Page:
The Journal of Lynton Charles, Fiduciary Secretary to the Treasury

The following is the verbatim text of a speech delivered by Mr Lynton Charles MP to the Akelas and Baloos of the Scout Association, Friday 9 June 2000

Chair (Robin Panty-Williams, Berkshire): "Fellow pack leaders, welcome back from coffee. The home-made biscuits supplied by Tring Townswomen's Guild were up, I see, to their usual high standards. As, I hope, will be the address from our next speaker, slotted in at rather the last moment, I'm afraid. It's rare for ministers to agree to speak at Scouts events, and even rarer for the request to come from them. Some of the more politically minded of you may recognise him from his appearances on Question Time and Newsnight, but I may need to remind most of those present that our special guest speaker is Lynton Charles MP, Fiduciary Secretary to the Treasury. So a big dib-dib-dob for him!"

Lynton Charles: "Mr Chairman, I am delighted to have been invited here today. I was myself, for three short months, a member of the Boringfield pack, though, alas, my career was cut short by an incident involving a Girl Guide and a woggle on summer camp in 1967. Still, I live in hope that my twins will soon join the Cubs, though until now the lure of Pokemon and Euro 2000 has been too great. You see, your activities are important, to society and to the government. Why do I say that?"

Someone from the audience: "Because you're here!"

Lynton Charles: "Well, if I wasn't here, I couldn't say it, could I? No, it's because you represent something crucial in today's globalising world. You represent the role of community. You see, we believe that we have to keep hold of the traditional values, the values that made this nation what it is, but we have - at the same time - to update them in a world which is changing rapidly. We have to embrace change, while holding on tight to our values.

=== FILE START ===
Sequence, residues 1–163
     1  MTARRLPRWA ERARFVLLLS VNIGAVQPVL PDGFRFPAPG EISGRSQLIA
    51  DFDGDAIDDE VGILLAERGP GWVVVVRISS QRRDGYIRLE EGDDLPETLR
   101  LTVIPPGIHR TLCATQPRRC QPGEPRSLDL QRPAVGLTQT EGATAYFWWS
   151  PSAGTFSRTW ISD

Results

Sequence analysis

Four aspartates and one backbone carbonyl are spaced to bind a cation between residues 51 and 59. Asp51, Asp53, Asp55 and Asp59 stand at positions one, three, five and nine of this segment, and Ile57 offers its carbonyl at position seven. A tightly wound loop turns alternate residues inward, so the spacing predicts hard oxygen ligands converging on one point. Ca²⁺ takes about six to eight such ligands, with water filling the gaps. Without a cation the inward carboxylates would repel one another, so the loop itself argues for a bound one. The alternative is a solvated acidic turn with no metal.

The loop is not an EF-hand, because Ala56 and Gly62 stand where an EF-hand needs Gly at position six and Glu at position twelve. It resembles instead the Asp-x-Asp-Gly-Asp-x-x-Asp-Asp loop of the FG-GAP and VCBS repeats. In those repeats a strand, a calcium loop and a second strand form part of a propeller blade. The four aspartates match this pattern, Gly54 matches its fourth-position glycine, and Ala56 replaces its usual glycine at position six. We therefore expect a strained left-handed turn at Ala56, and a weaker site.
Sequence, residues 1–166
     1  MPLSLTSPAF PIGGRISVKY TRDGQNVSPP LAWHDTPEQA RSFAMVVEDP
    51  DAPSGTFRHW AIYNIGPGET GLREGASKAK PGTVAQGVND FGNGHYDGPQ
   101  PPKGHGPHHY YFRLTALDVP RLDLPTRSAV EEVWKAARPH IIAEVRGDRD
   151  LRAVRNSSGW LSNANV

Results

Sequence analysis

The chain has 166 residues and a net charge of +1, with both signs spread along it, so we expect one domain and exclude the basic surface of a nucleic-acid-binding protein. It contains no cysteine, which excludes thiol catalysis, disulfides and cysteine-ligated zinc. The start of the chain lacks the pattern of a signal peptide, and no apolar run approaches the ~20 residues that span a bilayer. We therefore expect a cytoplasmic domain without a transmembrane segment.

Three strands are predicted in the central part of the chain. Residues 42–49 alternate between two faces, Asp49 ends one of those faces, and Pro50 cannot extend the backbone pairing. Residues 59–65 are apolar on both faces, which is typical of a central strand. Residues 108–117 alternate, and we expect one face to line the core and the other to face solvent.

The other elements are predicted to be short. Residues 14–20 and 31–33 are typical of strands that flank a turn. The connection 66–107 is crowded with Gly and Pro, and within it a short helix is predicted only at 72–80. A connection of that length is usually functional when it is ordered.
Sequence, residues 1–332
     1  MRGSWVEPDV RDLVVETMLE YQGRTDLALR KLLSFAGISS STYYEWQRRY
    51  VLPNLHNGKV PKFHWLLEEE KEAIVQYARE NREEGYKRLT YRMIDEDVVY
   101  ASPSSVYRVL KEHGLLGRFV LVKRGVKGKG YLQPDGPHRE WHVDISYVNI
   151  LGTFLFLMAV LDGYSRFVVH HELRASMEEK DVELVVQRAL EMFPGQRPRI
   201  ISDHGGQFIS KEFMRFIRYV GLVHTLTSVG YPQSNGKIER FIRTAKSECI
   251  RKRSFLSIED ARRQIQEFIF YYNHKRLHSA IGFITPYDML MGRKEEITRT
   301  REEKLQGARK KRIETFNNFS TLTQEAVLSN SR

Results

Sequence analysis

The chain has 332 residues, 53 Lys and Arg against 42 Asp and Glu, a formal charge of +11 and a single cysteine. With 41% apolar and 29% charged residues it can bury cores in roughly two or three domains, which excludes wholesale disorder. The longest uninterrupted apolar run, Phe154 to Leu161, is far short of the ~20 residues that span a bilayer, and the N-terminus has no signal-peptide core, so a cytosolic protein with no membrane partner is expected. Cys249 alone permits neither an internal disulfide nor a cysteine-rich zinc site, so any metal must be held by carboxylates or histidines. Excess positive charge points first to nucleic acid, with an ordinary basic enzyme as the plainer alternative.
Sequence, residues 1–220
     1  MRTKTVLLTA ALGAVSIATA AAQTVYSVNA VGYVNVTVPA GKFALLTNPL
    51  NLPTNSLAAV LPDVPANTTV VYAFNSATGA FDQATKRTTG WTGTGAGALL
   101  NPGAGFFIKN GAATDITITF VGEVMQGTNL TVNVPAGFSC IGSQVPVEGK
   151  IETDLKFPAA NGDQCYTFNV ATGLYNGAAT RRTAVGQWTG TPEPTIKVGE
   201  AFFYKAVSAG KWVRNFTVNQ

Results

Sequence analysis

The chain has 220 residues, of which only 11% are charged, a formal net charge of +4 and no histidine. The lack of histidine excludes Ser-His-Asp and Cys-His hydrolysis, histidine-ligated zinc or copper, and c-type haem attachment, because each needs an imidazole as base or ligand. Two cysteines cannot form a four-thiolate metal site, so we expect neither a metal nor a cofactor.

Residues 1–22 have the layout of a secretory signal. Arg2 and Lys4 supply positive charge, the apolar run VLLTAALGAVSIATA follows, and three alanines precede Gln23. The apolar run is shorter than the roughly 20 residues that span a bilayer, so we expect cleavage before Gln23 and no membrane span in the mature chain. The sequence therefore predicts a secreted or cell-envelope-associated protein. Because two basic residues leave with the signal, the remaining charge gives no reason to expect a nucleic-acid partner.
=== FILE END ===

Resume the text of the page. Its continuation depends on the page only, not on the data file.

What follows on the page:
"That, I believe, is what you do. I am told by our chairman that, last year, three of the 20 tests for the yellow badge were altered to take account of the modern world. You no longer, for instance, require Scouts to walk for a mile down a country lane alone and blindfolded. You are right to perceive the new dangers posed by today's traffic patterns. I was also informed last week by a local pack leader that - these days - a good half of you are gay. Thirty years ago, society might have looked askance on grown homosexuals going camping with adolescent boys, and sharing tents and nude swimming trips."

Several in the audience: "Is the man mad? Is this a wind-up?"

Lynton Charles: "I'm sorry? What I was saying is that today we allow everybody an equal opportunity to involve themselves in traditional activities. The new with the old, not opposed to it.

"In the same way, this government has sought, like you, to preserve what is best, while preparing for the world that is to come. I want to share with you some examples that you might find interesting. In 1997, when we came to power, spending on assistance to voluntary organisations in the youth area was in the region of 0.0002 per cent of GDP. Because of our prudent economic policies [Shouts of 'No, No, No'] . . . Er, where was I? Yes, we'll shortly be announcing a 75 per cent increase in that amount. We could only do this because we have ended the era of . . . "

Voice from audience: "Boom and bust?" (Laughter)

Lynton Charles: "Um, yes, boom and bust. As you say. Similarly, the combined effect of the index-linked families income tax credit guarantee will be to significantly enhance the life opportunities of the least-privileged children, many of whom you work with on a day-to-day basis. I could go on . . . "

Voice: "We know. The question is, when will you stop?" (Laughter)

Lynton Charles: "When will I stop? Er, now."

This article first appeared in the 19 June 2000 issue of the New Statesman, The New Statesman Profile - the matriarchs